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Logan Square, Humboldt Park, Avondale

‘Together Again Soon’ Print Offers Hope To Chicagoans Stuck At Home

"I just wanted to make an image that might help people envision the 'after' of this awful moment."

"Together Again Soon" print by Chicago artist Ryan Duggan.
Paper Hat Chicago
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LOGAN SQUARE — Chicago’s favorite screen printing couple has made a Chicago-centric print for this current moment.

Ryan Duggan and Elizabeth Kovach, the husband-and-wife screen printer duo who run the studio/gallery Paper Hat 1953 N. Campbell Ave., are behind the print.

The print, which is now available online for $30 plus shipping, is an updated version of a gig poster Duggan did for a Mavis Staples show in 2017: An illustration of a rally in front of the famous Chicago Picasso sculpture in Daley Plaza.

Duggan just changed the rally signs and the main banner. The banner now reads, “Together Again Soon.”

“With everything going on I was trying to think of a positive, forward-thinking image and I realized I was sitting on something already,” he said in an email.

Credit: Courtesy of Ryan Duggan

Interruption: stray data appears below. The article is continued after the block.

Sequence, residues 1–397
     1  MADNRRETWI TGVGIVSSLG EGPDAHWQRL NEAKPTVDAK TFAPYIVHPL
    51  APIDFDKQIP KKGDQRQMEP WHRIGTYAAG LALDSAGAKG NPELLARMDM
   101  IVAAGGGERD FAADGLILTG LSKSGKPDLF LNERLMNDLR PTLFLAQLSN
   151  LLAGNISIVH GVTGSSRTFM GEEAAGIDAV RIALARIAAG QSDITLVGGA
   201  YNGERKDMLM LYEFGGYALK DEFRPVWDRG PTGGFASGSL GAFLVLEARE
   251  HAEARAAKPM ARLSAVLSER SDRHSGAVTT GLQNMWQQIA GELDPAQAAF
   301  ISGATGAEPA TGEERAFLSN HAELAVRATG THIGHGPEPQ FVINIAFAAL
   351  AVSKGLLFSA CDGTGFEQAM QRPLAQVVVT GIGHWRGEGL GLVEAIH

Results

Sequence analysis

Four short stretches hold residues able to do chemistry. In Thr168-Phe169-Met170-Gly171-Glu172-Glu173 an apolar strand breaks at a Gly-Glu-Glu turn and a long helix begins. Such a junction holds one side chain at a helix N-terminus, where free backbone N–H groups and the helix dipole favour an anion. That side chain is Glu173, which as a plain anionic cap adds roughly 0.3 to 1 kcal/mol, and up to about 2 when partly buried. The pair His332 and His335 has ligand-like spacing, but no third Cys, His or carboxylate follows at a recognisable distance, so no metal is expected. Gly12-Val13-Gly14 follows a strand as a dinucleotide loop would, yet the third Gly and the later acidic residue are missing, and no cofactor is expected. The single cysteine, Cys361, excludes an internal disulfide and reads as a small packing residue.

(from left) Husband-and-wife duo Elizabeth Kovach and Ryan Duggan are opening a printmaking studio in Logan Square that will double as an event space.

Duggan said print sales will help keep Paper Hat afloat, which, like countless other small businesses across the country, has been hit hard during the pandemic. The print studio/gallery makes posters for events and gigs, of which there are none right now.

“Since we primarily work in concert posters we lost nearly every job on our calendar back in the second week of March. Not to mention the art openings planned for our gallery are all postponed for the foreseeable future,” he said.

“Like thousands of other small businesses we are navigating the grant/loan/assistance channels right now but the rent and utilities on our space are not going anywhere.”

So far, the couple has made 75 prints but Duggan said they’ll make more if the demand is there.

“I just wanted to make an image that might help people envision the ‘after’ of this awful moment,” he said.

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